Wolfeboro Police Commissioner Robert Copeland listens Thursday May 15, 2014 in Wolfeboro, N.H. as town residents ask for his resignation after being overheard calling President Barack Obama the N-word at a restaurant.

Credit: Jim Cole / AP Photo

Robert Copeland Is Not An Anomaly

May 20, 2014

When Wolfeboro, New Hampshire resident Jane O'Toole overheard the town's police commissioner, Robert Copeland, using the N-word in a restaurant, she said it "took the wind out of her sails". 

Copeland did not back off his use of the racial slur when asked about it, replying in an email: "I believe I did use the N-word in reference to the current occupant of the White House. For this I do not apologize—he meets and exceeds my criteria for such."

At a police commission meeting last week he remained unapologetic, but on Monday, Copeland, 82, resigned from his post as police commissioner. 

Jim Braude and Margery Eagan debated the issue with syndicated columnist Reverend Irene Monroe and Reverend Emmett Price, a professor of music at Northeastern University, on Boston Public Radio Monday. Excerpts from their conversation below, full audio above.

Jim Braude: This guy is a sick, 80-year-old who is not the owner of a team with a billion dollars. He's some loser in Wolfeboro. I said to myself- if we talk about this, the implication is that is going to leave is God, racism is at every turn. But I don't think that one lone ranger speaks to the issue of whether racism is rampant or not in this country.

So, am I right? Where do you fall on this, Irene Monroe?

Irene Monroe: I think you are hopelessly optimistic. (laughs) He's not a lone racist. And interestingly enough, after a while when you start tallying it up, after a while you have a whole population- a whole town like Wolfeboro.

JB: Whoa, whoa- there were 100 plus people who showed up to this (police commission) meeting to trash this guy the other night.

IM: Absolutely, but what you have here is a very homogenous community. This man that feels very very comfortable in displaying his racist behavior. (...) Most people when you say 'Did you use the N word?' they have enough gumption to say "Oh, I either wasn't in my right mind," or "Did I say that? Did I? I didn’t mean that…"

Margery Eagan: Well, also, it's the person he's saying it about. He's saying it about the sitting President of the United States, which I thought brought it to a higher level.

Emmett Price: You know, Jane O'Toole, who's the woman who overheard him in the restaurant-  she had just moved there four months ago. She didn’t get the memo. She didn’t know where she was moving into. Clearly she was shocked by it.

The issue is that this guy is a police commissioner, and when she wrote to the local legislation to say- how is it that we have somebody who is an official in our community who has this power? Their response is well, we don't have the power to remove him because he's an elected official. So, here is the issue where you have someone who is an elected official who can make a very nasty remark against a sitting president and can't be removed.

IM: He's not an anomaly. This is a town that has 20 of African descent here. I'm gonna play Devil's advocate (…) Some of it does fall on us as African Americans in that we use the N-word. But I do think that we're the only ethnic group of people that take such a derogatory and hateful word to turn on ourselves as a term of endearment and we get angry. We get angry when we hear white folks use the N-word and the thing that we fail to understand is that the American lexicon is a public enterprise. You can't divvy it up along race, class, or any other particular demographic group. So, part of the problem is that we keep that word in circulation.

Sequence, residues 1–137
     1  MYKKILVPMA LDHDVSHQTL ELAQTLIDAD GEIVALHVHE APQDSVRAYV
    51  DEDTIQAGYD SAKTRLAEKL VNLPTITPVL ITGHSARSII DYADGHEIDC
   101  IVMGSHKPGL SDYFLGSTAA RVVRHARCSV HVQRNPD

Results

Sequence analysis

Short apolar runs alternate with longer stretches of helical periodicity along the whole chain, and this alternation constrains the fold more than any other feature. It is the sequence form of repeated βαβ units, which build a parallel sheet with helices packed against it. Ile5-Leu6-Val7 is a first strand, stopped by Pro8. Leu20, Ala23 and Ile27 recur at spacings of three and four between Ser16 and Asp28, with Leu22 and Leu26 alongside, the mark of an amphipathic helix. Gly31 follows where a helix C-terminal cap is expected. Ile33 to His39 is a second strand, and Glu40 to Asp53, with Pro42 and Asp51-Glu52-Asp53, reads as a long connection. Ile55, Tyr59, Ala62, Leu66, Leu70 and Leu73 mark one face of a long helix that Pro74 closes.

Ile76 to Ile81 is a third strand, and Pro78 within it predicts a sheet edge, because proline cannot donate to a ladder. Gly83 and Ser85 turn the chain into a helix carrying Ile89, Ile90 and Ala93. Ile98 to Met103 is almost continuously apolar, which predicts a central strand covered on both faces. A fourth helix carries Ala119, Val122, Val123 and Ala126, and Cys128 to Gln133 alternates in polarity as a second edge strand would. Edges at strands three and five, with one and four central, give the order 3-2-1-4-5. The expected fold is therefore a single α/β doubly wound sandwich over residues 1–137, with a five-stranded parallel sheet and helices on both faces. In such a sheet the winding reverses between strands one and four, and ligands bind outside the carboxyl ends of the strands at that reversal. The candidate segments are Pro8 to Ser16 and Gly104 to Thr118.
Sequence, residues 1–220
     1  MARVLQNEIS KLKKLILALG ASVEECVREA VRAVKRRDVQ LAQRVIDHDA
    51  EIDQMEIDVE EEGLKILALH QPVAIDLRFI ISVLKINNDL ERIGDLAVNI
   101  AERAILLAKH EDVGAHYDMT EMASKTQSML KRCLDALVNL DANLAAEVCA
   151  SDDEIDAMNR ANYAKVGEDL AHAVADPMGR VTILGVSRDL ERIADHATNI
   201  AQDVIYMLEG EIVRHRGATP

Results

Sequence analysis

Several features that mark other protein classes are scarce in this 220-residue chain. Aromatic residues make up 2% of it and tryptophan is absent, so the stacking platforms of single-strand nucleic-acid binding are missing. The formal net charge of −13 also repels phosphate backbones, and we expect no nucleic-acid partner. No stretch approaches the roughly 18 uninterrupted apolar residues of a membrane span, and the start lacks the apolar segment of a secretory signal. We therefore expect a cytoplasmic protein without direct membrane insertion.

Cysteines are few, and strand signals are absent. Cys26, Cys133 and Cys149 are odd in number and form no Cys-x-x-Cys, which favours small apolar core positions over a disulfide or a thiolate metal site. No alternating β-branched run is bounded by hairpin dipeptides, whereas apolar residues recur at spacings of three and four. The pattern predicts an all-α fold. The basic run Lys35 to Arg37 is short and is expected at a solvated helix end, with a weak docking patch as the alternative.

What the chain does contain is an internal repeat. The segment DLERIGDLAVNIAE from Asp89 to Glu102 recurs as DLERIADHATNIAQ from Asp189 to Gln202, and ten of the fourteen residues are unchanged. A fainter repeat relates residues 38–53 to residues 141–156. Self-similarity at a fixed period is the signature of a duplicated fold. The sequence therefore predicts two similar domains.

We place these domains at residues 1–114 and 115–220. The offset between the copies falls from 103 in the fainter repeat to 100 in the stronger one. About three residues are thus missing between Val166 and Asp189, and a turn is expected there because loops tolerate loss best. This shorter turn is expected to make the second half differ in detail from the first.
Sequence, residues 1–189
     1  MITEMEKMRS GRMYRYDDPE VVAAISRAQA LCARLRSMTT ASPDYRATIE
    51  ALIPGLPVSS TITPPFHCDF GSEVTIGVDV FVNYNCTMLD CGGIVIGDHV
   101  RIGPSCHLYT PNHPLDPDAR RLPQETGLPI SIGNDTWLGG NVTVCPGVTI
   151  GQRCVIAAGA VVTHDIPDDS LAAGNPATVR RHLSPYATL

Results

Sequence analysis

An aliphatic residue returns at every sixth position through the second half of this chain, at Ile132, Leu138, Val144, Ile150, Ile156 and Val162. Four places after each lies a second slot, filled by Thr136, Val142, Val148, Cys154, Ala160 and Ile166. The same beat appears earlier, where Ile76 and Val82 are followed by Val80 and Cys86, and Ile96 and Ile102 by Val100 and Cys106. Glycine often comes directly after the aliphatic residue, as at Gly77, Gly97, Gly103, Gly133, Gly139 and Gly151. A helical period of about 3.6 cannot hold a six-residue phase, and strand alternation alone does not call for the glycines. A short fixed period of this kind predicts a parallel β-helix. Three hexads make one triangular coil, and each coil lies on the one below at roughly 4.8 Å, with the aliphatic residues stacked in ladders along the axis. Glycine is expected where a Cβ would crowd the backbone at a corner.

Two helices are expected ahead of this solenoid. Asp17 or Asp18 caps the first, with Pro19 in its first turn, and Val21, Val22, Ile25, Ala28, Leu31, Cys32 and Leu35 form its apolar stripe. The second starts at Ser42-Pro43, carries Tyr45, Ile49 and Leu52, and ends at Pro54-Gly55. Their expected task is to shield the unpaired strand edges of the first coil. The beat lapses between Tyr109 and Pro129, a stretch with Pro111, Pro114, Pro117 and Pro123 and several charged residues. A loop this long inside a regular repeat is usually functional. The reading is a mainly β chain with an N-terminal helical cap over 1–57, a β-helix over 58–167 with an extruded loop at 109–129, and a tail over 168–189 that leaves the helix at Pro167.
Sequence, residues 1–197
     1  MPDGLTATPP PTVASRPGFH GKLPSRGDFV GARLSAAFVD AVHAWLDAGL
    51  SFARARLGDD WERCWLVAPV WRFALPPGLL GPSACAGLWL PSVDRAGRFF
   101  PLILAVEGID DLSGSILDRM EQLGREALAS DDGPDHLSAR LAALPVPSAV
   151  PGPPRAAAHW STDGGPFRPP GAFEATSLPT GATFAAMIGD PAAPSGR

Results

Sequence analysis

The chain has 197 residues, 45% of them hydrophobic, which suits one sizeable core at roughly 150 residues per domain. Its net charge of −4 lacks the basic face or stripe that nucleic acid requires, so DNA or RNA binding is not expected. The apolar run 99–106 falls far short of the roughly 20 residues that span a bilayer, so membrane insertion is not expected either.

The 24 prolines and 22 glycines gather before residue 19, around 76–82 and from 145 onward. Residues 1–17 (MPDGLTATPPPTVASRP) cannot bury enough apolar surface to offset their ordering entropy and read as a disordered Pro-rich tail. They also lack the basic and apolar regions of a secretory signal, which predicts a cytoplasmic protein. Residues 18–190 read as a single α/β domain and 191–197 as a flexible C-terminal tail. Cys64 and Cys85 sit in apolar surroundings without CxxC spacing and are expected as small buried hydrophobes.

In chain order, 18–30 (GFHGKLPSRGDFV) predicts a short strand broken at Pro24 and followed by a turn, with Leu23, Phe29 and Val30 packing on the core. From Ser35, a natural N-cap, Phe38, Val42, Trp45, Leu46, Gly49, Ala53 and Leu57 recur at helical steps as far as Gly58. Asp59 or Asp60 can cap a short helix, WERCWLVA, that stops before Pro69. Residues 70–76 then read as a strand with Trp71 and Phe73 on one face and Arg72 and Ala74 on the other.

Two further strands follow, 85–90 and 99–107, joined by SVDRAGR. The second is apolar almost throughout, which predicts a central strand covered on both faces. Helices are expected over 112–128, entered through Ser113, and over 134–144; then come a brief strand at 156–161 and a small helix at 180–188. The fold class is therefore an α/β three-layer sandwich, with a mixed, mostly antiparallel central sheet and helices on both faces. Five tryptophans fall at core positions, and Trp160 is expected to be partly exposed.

JB: In a couple of seconds we're going to be discussing Brown V. Board, which at least legally desegregated American schools. But, because we've decided to elevate Copeland… as a result we're giving less play to what Michelle Obama is saying [about schools and education], which I would say is a million times more important to poor kids and kids of color than what some nut in Wolfeboro is saying…

IM: It's really not an either/or, here.

JB: I think it is an either/or!

IM: And I think you do damage when you don't recognize when someone like this gentleman or Donald Sterling are behaving badly like that. It does hurt to us as the group that it's targeted toward.

JB: The media has given as much play, if not more to the travails of Wolfeboro, NH as they have in the past three or four days to the travails to the public schools of the cities of America.

IM: I so disagree, because you make this assumption, Jim, that people of African ascent don't experience people like a Donald Sterling and like this gentleman that's here in Wolfeboro, NH. If anything, it makes him be held accountable for his hate speech, because truth be told, we hear it all the time.

EP: I kinda agree with you, Jim.

JB: About time!

EP: Here's the challenge- One is the reflection of the other, right? So, when you have economic decay in cities, when you have jobs moving to different places they create homogenous and monolithic areas. You know, when you look at public schools in the country, the best public schools are in the most wealthy communities, which are not accessible to individuals ho don’t have the wealth and the means to live there. So, when you look at this you end up creating segmented and if not segregated communities based on wealth, based on privilege based on economic opportunities which tend to reflect on racial or ethnic bias.

Listen to the full discussion above.

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